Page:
Image courtesy of Buccellati.
The Winston Legacy Sapphire
Harry Winston founded his eponymous label in New York in 1932, soon thereafter earning the moniker “King of Diamonds.” Nine decades on, there may be many contenders to that title and mantle, yet Winston remains synonymous with high glamour and magnificent—and large—stones. Stones such as this, the Winston Legacy Sapphire.
Harry Winston acquired a magnificent 43.10-carat royal blue Kashmir sapphire back in 2020, a rare velvet-blue stone with a deep colour saturation and impressive size, provenance, and absence of treatment. The house’s legendary designers and craftspeople expertly set the sapphire as the centrepiece of an extraordinary diamond necklace, painstakingly made over a period of two years. A myriad of diamond cuts—round brilliant, square-emerald, pear- and marquise-shaped stones, along with tapered baguettes—elegantly frame and highlight the majestic beauty of the centre stone, creating a classic and timeless pendant necklace.
Image courtesy of Harry Winston.
Formosa Magpie Brooch
Eight hundred gemstones, two birds, a conch pearl, and a titanium base. Asian jeweller Anna Hu manages to weave magnificent colours and gravity-defying shapes into a one-of-a-kind objet d’art, here in the form of the Formosa Magpie brooch from her La Caprice Art Déco collection, which debuted at the 35th Anniversary Edition of The European Fine Art Fair (TEFAF) in Maastricht.
The piece masterfully merges Chinese and Western canons of jewellery artistry, inspired by the works of Giuseppe Castiglione, the 18th-century Jesuit missionary and painter at the imperial court of China. An impressive conch pearl “egg”, more than 14 carats in weight, rests in a nest of rose gold wires, while glimmering, almost iridescent, intricately sculpted opals define the heads of the birds. Although the bejewelled creatures are said to be magpies, the vibrant colourways of their heads resemble the reflective, silky, ocean-blue feathers of common grackles. The piece also includes a magnificent pavé of white diamonds that traces the birds’ bodies, and vibrant Paraíba tourmalines that lend the piece an almost fluorescent quality.
Image courtesy of Anna Hu.
The Allure Céleste Necklace
Ninety years ago, so the story goes, Gabrielle Chanel created the world’s first high jewellery collection: “Bijoux de Diamants” premiered back in 1932. “I seek out the motifs that best showcase the brilliance of diamonds,” she said of her desire to cover her customers in dazzling constellations. “The star, the cross, the fall of graduated stones and large sunburst cabochons.”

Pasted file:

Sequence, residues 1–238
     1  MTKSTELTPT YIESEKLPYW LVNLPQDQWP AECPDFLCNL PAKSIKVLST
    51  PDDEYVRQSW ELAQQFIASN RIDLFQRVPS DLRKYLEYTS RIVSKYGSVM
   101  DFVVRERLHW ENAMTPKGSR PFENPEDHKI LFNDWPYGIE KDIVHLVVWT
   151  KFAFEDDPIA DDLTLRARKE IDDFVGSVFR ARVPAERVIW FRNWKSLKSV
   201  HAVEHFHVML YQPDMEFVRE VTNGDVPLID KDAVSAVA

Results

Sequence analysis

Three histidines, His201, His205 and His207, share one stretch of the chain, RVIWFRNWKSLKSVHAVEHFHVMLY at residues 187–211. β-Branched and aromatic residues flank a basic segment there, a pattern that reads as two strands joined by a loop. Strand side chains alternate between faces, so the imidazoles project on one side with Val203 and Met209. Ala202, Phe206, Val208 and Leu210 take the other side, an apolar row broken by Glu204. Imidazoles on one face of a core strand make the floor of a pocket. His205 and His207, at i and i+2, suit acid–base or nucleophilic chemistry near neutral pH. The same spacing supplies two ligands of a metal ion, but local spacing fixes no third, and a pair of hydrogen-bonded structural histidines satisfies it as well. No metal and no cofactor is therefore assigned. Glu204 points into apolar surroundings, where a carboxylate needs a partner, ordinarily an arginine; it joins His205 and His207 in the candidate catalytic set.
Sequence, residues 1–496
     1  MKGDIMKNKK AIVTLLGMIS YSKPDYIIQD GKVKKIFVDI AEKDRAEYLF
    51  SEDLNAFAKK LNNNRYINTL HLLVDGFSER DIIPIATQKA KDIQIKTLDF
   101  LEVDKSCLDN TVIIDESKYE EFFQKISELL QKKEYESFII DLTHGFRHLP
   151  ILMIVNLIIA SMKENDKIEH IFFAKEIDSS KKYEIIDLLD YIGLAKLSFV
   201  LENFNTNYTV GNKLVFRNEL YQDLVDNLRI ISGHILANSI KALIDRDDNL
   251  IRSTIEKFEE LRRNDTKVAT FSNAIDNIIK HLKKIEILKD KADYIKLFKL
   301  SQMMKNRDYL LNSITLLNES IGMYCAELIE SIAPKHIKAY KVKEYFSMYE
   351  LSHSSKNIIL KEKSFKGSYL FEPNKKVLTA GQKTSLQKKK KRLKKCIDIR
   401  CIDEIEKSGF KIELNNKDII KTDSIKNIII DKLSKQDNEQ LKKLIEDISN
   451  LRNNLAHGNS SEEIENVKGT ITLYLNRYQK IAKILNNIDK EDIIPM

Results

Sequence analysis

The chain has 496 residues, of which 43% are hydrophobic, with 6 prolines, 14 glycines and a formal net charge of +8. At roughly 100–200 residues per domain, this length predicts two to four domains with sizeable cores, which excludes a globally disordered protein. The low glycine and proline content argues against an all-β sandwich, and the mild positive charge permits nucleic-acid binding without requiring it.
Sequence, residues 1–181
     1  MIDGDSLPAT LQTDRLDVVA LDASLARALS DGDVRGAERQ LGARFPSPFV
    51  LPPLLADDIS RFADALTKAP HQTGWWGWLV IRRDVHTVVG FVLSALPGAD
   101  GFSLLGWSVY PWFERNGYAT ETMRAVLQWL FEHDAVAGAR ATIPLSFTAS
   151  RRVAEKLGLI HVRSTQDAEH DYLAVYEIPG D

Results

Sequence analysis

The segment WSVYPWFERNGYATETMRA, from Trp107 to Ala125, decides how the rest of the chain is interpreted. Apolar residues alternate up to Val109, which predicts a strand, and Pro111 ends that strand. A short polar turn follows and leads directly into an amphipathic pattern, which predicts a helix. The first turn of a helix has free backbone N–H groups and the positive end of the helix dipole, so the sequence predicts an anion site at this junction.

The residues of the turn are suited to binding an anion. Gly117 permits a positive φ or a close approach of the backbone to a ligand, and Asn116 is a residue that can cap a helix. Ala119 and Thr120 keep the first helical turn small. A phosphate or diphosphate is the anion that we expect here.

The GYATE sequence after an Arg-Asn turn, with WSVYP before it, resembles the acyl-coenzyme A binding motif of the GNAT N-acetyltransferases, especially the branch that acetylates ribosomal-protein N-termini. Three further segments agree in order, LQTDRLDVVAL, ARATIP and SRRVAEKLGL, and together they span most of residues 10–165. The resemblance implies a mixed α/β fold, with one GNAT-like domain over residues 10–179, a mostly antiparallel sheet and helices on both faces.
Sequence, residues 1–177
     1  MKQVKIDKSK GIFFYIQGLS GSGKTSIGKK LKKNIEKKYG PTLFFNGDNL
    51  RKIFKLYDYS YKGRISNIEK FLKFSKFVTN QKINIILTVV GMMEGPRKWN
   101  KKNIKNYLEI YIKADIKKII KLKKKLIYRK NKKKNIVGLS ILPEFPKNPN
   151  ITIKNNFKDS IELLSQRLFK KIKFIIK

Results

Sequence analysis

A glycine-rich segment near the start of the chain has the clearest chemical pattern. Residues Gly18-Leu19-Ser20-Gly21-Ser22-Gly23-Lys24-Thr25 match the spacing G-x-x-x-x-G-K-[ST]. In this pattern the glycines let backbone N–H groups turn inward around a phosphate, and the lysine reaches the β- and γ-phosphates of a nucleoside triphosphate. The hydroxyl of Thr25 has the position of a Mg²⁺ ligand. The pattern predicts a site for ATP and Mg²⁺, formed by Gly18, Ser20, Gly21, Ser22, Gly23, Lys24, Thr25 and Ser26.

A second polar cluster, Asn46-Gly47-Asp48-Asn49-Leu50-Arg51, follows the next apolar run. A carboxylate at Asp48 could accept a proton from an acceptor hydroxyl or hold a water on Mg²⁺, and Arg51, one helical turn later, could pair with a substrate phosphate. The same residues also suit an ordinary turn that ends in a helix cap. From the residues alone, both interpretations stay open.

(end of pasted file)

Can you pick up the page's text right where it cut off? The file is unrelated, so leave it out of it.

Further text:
From the legendary original collection, Patrice Leguéreau, director of Chanel’s Jewelry Creation Studio, has retained the celestial theme, bringing the moon and stars of the firmament to contemporary jewellery in Chanel’s new 1932 collection. The collection includes 81 dazzling creations, of which 15 are transformable, and from that glittering collection, it’s tough to overlook the signature Allure Céleste necklace.
First, the basics: a central 55.55-carat oval sapphire of a deep and intense blue surrounded by white diamonds. And yes, the number is significant: Chanel always presented her collections on the fifth of the month (dresses on the fifth of May) and chose the fifth vial of a perfume sample that became Chanel No. 5, inter alia. Above the sapphire, a singular white-diamond star brooch hovers, with a DFL pear-cut diamond of 8.05 carats suspended below. The piece’s detachable halos can be worn as brooches, and a detachable central line of diamonds can be worn simply as a bracelet (or to allow the necklace to be worn short). And it surely goes without saying, but this is a one-of-a-kind singular sensation, price upon request.
Image courtesy of Chanel.
For the first time in its storied 240-year history, Chaumet has dedicated an entire high jewellery collection to the sea. Ondes et Merveilles de Chaumet explores a variety of frontiers to tell the story of the seven seas in all its manifestations, from waves caressing the water’s surface to underwater treasure hunts, ships in port, and the currents of the Gulf Stream.